According to the Global Gender Gap Report (WEF (World Economic Forum) 2015), gender equality, or the lack thereof, has significant economic and social implications. The Global Gender Gap Index ranks countries based on the calculated gap between men and women in four key areas: health, education, economy and politics. Nigeria ranked 112 out of 145 countries in the Global Gender Gap Report, which revealed gender differences in reproductive health, empowerment and labor market participation.
The Kano state government has in recent times made concerted efforts to reverse the worrying trend of seeing large numbers of its youthful population being denied access to education and job opportunities. However, it has become clear that a public-private partnership is needed to create an intervention that will drive positive change.
To this end, The Coca-Cola Foundation, in partnership with the Whitefield Foundation, has launched a skills acquisition program called “Project EQUIP” – to empower women and youth and integrate them into a growth trajectory that would create a positive effect on the society in which they live. The EQUIP project is part of Coca-Cola’s vision to improve the livelihoods of women, youth, families and surrounding communities.
Coca-Cola Nigeria, together with its bottling partner, Nigerian Bottling Company, has worked with many partners for decades to implement initiatives to provide business skills training, mentorship networks, financial services and support. other assets to underserved communities through its philanthropic arm, The Coca-Cola Foundation. The Project EQUIP initiative exemplifies the company’s dedication to the cause as it supports the Sustainable Development Goals targeting hunger, poverty, gender equality, decent work and sustained economic growth.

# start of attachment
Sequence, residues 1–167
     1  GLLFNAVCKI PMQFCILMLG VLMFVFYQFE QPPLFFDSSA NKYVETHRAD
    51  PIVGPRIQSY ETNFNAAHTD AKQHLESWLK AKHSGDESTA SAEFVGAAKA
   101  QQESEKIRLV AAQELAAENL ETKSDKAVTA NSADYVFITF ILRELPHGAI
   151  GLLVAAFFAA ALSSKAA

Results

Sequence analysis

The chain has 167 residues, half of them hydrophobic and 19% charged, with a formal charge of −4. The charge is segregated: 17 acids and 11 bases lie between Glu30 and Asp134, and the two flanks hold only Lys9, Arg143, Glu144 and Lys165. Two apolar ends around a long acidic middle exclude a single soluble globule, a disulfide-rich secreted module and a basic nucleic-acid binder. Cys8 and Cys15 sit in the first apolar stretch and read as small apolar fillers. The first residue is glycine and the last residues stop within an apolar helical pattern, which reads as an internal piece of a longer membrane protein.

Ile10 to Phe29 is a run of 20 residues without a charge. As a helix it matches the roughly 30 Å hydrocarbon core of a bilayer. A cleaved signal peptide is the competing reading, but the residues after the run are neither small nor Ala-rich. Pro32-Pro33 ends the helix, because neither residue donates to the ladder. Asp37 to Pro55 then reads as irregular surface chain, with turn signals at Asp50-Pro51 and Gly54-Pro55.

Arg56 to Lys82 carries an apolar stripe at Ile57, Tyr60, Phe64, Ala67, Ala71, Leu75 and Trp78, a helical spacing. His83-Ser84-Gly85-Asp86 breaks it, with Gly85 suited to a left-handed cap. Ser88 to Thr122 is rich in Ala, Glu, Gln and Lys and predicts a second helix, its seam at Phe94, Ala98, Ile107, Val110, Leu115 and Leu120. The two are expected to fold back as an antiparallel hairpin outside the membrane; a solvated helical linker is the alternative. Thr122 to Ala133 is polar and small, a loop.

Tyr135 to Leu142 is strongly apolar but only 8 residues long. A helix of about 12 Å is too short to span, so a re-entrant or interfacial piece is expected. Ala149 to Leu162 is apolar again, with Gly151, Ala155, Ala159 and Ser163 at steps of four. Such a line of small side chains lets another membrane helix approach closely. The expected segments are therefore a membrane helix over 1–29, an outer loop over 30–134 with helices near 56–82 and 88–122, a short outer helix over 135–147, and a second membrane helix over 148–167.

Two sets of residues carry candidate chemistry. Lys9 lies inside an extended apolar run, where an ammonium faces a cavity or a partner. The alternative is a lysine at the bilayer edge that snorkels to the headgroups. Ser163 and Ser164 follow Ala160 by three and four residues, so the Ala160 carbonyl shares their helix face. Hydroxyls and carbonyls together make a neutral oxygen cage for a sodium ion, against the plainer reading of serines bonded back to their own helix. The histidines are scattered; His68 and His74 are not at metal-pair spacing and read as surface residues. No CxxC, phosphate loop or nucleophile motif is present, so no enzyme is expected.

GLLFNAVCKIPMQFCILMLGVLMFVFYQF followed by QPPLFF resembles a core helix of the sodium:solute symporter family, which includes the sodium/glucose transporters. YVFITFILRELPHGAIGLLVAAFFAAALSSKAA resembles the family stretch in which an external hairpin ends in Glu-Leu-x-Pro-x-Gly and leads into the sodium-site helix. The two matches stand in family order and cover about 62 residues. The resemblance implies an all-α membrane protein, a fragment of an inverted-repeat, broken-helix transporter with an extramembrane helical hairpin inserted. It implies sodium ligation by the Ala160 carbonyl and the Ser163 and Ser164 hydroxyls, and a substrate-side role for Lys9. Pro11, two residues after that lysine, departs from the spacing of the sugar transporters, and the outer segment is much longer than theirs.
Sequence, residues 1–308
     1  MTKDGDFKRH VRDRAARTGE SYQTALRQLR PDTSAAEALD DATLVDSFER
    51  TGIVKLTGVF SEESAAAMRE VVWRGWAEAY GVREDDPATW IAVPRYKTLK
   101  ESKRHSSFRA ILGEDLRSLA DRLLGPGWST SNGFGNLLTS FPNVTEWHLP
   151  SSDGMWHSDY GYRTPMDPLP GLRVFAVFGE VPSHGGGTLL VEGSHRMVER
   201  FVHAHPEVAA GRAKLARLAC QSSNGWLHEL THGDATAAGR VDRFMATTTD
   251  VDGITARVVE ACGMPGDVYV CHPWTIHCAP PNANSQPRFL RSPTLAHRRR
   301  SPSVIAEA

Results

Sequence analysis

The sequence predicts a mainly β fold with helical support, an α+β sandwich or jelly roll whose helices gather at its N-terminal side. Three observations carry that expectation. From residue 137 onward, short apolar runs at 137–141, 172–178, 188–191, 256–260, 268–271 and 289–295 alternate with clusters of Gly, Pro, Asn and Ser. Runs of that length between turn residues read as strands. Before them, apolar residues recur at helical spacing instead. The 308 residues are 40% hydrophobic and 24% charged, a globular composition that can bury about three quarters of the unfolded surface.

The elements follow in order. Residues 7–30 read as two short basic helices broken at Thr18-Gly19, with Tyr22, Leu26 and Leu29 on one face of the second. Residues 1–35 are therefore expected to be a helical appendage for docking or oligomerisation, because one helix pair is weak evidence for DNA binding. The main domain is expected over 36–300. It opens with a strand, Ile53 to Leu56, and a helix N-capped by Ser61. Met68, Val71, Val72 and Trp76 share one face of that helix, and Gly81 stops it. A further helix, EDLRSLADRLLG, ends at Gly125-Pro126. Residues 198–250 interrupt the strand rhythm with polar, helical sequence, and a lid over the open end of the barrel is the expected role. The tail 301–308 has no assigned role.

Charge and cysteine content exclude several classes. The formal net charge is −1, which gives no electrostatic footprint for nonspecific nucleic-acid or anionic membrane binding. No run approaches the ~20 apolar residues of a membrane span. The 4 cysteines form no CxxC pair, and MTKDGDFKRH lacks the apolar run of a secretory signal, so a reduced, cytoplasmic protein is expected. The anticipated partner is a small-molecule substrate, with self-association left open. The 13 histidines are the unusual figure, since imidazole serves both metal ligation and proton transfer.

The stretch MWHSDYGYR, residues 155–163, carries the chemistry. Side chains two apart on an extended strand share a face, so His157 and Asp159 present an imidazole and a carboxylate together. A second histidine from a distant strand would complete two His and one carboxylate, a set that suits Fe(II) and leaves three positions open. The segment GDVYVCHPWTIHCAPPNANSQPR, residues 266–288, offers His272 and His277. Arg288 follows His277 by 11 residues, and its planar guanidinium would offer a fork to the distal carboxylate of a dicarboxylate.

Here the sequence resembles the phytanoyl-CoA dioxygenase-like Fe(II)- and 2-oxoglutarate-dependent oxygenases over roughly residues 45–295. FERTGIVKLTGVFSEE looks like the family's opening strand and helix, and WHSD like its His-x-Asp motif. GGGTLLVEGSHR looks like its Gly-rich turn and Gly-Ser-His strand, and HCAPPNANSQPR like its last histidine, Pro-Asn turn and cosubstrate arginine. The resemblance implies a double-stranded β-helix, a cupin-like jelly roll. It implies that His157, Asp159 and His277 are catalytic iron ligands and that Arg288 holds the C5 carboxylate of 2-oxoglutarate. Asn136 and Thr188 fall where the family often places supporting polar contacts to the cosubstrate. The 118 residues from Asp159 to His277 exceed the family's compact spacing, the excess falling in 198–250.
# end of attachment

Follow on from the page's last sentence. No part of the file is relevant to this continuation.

The EQUIP project will empower 60,000 women and youth in five key regions, including 20,000 in Kano. The initiative will adopt an integrative and hybrid approach to youth and women empowerment to teach transformative skills and knowledge, improve living standards in target communities, show and lead participants towards new paths of recovery and economic growth.
Empowering women involves increased advocacy and meaningful participation in economic decision-making at all levels, from the household to international institutions. It also includes equal access to and control over productive resources, decent work and control over their own time, life and body. The Coca-Cola system in Nigeria is committed to this becoming the testimony of women in Northern Nigeria and other parts of the country.
Saadia Madsbjerg, President of the Coca-Cola Foundation, put it succinctly: “Achieving equality and empowerment for women has broad ripple effects that positively affect society.” Coca-Cola Nigeria is bridging the digital divide, which disproportionately affects the rural and disadvantaged, by building a bridge of equality and connecting women and youth to quality education and opportunities. Equality for women is one of the most effective ways to lift people and nations out of poverty, to fight climate change and to help achieve the Sustainable Development Goals. Economies grow when more women work, and empowering women promotes productivity, diversifies the economy, and improves income equality, among other positive development outcomes.
The EQUIP project will transform 60,000 people into participating members of society, enabling long-term economic transformation and growth, and a higher standard and quality of life.